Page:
Air Pockets Under Fondant

Decorating By sweetlinxo Updated 29 Apr 2016 , 12:14am by Jenmarlene

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sweetlinxo Posted 10 Apr 2016 , 10:34am
post #1 of 10

When ever I cover my cakes with fondant and I'm using vanilla buttercream frosting, I ALWAYS get air pockets under my fondant and it always ends up a disaster! I don't ever have this problem when ever I use chocolate BC. What could I possibly be doing wrong? Should I add more powdered sugar??? 

9 replies
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costumeczar Posted 10 Apr 2016 , 12:59pm
post #2 of 10

Air pockets (I call them cake tumors) come from air trying to leave and not having a place to go. It's strange that you're only getting it with vanilla buttercream, though. Maybe you're whipping it too much? I don't know that that would have any effect on cake tumors...

When you put your next cake together, press down on the tier to really force out any air that could be inside the layers, and when you put the layers together kind of start on one edge and "roll" the layer onto the one it's sitting on, if that makes sense. You don't want to plop the layer down and trap air in between.  Press down on the tier once it's all put together and let it sit for a few hours if you have the time to make sure any air that's trapped in there has a chance to try to make its way out.

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kakeladi Posted 10 Apr 2016 , 4:57pm
post #3 of 10

Are you getting your b'cream coating smooth?  A common error is not 'massaging' the fondant once applied.   it can be done by hand  but Using cake/fondant smoothers is a BIG help.  Be sure to cover your cake as soon as you finish smoothing out the b'cream and it is still wet.  Do NOT refrigerate to harden the b'cream.   Another thing some decorators swear by (but I never did and didn't have trouble usually) is after the fondant has been smooth/massaged well, take a pin and poke holes all around (about 1" apart) where the top and bottom borders will go.  This will allow any trapped air to escape - yes, even once covered w/piped orders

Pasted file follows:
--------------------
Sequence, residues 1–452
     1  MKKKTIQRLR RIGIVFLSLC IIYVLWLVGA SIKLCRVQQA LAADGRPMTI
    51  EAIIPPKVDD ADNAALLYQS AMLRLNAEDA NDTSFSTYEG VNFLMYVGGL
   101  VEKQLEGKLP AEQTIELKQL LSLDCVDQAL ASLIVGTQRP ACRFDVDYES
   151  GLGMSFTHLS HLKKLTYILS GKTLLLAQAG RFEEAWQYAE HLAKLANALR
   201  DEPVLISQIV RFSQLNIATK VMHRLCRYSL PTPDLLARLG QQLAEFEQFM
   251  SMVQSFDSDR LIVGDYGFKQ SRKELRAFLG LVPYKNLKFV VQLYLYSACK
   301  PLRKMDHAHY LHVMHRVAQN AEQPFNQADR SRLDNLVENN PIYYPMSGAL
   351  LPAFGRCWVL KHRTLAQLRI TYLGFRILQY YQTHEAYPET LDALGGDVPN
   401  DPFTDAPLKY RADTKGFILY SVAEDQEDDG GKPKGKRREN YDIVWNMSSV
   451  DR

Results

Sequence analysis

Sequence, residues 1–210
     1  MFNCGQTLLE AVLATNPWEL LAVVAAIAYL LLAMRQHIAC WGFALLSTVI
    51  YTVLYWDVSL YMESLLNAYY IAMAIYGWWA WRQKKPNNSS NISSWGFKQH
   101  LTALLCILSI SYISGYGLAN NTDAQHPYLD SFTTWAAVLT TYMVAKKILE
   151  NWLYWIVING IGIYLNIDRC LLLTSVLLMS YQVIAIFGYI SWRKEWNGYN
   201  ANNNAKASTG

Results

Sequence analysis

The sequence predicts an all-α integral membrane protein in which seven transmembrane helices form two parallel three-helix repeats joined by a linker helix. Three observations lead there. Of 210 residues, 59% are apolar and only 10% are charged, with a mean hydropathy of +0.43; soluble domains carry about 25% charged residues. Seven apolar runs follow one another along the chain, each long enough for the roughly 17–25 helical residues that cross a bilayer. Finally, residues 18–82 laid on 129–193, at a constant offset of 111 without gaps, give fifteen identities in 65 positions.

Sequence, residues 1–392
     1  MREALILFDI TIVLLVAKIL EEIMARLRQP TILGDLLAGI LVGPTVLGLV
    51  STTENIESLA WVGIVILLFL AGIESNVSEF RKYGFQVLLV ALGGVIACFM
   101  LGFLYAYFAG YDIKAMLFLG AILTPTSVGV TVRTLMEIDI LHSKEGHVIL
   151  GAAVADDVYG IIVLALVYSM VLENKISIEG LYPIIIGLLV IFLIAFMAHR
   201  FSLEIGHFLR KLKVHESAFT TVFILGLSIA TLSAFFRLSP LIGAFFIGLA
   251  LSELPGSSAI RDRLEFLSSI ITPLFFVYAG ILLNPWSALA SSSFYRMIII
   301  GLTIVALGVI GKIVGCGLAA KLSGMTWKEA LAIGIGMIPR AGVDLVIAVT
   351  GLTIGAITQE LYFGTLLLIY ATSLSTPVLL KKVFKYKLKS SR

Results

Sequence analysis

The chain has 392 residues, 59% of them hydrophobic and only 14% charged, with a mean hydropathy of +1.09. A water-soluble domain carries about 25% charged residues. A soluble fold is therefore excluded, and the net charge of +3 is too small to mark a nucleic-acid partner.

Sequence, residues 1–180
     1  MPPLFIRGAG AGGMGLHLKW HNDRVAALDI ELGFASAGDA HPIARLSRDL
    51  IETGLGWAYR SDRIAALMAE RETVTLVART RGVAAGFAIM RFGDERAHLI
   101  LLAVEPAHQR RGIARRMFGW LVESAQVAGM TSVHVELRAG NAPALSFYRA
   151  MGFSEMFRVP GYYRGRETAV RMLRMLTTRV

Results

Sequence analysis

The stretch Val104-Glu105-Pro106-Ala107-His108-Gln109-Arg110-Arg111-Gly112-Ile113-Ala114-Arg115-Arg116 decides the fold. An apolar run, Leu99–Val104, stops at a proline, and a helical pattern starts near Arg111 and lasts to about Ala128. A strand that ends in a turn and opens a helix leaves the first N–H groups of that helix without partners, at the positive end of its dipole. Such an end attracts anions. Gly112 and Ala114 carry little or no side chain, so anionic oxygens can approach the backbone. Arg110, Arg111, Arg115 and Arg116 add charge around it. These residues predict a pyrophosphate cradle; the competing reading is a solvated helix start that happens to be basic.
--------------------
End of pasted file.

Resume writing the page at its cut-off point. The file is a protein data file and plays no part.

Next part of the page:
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sweetlinxo Posted 11 Apr 2016 , 4:33am
post #4 of 10

Yes it is a nightmare! I dread it when I have to make a cake with vanilla frosting. I always stay up for hours trying to get it right. When ever I do chocolate everything goes absolutely smooth sailing. Im definitely gonna take your guys advice and hopefully everything goes well next week. Thank you!!!

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810whitechoc Posted 11 Apr 2016 , 10:21am
post #5 of 10

A couple of years ago somebody on here advised cutting a small slit in the centre top of the cake after you have finished applying either BC or ganache and then refrigerate (sorry can't remember who).  I decided to try this and it works, as Costumeczar said, it is air trying to escape. I use a small thin knife and carefully and neatly stab it through the top of the cake, I put the cake in a cake box in the coolroom and let it set/rest.  Air has somewhere to escape - no more cake tumors.

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lisatipperoo Posted 11 Apr 2016 , 1:09pm
post #6 of 10

I agree- I use the "chimney" idea too- I just use a small dowel to poke a hole through to let the cake "breathe" while I get the fondant ready. It really seems to help. Anything to give the air a place to go other than underneath the fondant. :-)

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Jenmarlene Posted 11 Apr 2016 , 4:18pm
post #7 of 10

i started poking a popsicle stick down the center of the cake then i would put in the fridge, that way all the air can escape through the hole i made in the middle. havent had a air pocket ever since.

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sweetlinxo Posted 11 Apr 2016 , 10:16pm
post #8 of 10

Interesting I haven't heard of that method before. I'm certainly gonna give it a try. Thank you everyone!:) 

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sweetlinxo Posted 28 Apr 2016 , 10:39pm
post #9 of 10

Thank you all soooooo sooo much for all your help!!! Yesterday I made a 2 tier cake and I took everyone's advice and everything with my cake went unbelievably smooth!!! This is the first time this has ever happened and now I look forward to making more cakes in the future and I have you all to thank!!!  :)

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Jenmarlene Posted 29 Apr 2016 , 12:14am
post #10 of 10

Im glad!

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